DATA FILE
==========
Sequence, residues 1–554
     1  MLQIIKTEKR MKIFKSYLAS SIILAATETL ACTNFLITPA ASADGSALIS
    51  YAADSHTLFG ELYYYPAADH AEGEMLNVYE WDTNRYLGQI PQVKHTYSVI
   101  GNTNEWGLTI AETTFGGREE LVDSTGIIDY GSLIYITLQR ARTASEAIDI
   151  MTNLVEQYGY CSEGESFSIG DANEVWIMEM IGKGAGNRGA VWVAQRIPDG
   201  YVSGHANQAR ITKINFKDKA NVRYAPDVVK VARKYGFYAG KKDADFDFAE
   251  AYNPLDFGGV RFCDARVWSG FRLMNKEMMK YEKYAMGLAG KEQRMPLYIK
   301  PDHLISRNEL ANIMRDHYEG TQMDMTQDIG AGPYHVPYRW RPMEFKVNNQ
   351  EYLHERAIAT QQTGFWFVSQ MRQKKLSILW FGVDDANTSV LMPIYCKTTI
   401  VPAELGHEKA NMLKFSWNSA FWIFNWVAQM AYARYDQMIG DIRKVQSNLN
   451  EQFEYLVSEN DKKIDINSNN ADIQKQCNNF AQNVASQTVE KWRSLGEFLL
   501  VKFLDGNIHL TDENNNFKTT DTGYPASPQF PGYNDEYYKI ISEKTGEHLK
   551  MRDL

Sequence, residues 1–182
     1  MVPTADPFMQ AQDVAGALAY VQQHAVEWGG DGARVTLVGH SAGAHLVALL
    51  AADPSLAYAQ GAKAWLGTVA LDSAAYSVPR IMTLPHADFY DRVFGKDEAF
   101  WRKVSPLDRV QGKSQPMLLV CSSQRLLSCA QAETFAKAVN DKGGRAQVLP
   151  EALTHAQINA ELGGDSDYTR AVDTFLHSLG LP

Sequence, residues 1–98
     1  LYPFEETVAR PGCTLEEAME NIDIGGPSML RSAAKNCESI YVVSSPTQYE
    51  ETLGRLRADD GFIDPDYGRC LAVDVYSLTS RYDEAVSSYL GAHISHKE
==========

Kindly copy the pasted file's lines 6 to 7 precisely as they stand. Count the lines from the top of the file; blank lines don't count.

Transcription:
   201  YVSGHANQAR ITKINFKDKA NVRYAPDVVK VARKYGFYAG KKDADFDFAE
   251  AYNPLDFGGV RFCDARVWSG FRLMNKEMMK YEKYAMGLAG KEQRMPLYIK